Posted September 18, 2013 in All
In May, Action for the Wild donated £4,987 to the N/a’an ku sê Foundation in Namibia. These funds have already been put to good use, as the Foundation has purchased 4 radio collars, which will be used for their Carnivore Conservation Research Project.
The first of the four radio collars has just been used on an adult male cheetah, who was trapped on the 2nd September, at a cheetah marking tree on the wildlife reserve of the N/a’an ku sê Foundation. The cheetah had been known to use this area for several months already and was target-caught for monitoring purposes. The male is now known as ‘N074’, was in good physical condition, weighed 50kg and was estimated to be 8-10 years old. Now that he has been radio collared, researchers can monitor his movements on a daily basis.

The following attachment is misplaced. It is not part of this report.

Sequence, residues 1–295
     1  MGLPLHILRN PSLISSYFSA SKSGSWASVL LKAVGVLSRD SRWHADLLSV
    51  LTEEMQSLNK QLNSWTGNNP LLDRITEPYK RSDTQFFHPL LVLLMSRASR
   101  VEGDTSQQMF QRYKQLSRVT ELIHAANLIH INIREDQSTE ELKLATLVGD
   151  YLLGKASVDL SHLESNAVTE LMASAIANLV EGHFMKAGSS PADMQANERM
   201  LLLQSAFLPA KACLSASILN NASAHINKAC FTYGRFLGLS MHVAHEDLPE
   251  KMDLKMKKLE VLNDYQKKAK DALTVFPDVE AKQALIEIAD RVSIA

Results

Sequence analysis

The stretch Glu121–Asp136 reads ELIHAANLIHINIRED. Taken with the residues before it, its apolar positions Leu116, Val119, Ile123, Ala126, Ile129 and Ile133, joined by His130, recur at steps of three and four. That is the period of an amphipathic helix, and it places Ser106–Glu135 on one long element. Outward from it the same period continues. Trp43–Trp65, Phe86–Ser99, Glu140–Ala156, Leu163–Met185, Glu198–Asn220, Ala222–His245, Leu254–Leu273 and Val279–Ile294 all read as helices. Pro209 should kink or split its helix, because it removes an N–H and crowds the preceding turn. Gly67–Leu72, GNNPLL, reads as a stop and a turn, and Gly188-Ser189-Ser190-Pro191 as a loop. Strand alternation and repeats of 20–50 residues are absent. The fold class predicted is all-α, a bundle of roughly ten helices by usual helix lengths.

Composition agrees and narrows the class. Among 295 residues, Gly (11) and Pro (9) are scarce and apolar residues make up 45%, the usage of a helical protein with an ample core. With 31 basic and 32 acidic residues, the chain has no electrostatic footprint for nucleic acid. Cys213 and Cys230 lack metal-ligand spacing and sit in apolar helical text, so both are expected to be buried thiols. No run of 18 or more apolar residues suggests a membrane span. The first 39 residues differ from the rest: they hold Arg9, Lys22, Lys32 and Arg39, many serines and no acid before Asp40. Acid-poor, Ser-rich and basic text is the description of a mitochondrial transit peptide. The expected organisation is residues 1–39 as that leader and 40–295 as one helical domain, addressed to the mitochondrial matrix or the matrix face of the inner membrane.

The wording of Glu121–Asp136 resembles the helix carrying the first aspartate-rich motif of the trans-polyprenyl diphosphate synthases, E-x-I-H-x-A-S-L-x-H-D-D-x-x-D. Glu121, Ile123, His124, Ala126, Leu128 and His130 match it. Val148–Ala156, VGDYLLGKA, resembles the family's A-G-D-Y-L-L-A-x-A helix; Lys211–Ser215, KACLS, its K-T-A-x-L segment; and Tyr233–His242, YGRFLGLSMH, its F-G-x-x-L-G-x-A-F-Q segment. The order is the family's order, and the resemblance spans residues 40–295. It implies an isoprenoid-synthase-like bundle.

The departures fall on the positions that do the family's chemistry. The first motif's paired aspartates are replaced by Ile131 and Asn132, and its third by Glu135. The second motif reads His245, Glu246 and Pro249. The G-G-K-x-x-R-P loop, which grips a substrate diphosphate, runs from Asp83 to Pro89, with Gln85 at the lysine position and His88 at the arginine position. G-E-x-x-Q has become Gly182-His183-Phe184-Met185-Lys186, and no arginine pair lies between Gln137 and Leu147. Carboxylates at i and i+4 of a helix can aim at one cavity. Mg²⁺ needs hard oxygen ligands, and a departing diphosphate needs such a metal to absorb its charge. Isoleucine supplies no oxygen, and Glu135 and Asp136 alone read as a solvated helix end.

The N/a’an ku sê’s Reserve is located in an area of intensive cattle ranching and therefore the researchers attempt to monitor as many free-ranging large predators as possible, not only to document their ecology, but also to assist farmers with livestock management. The researchers share carnivore movements, as recorded by the GPS collars, with the farmers on a daily basis. Using this information many farmers have started fine-tuning their livestock management and, in the process, have reduced losses to predators. The collars therefore have scientific value and help promote farmer-carnivore co-existence.
Action for the Wild looks forward to hearing further news on the other 3 radio collars purchased with our funds.
Picture of cheetah being collared © Jack Somerville.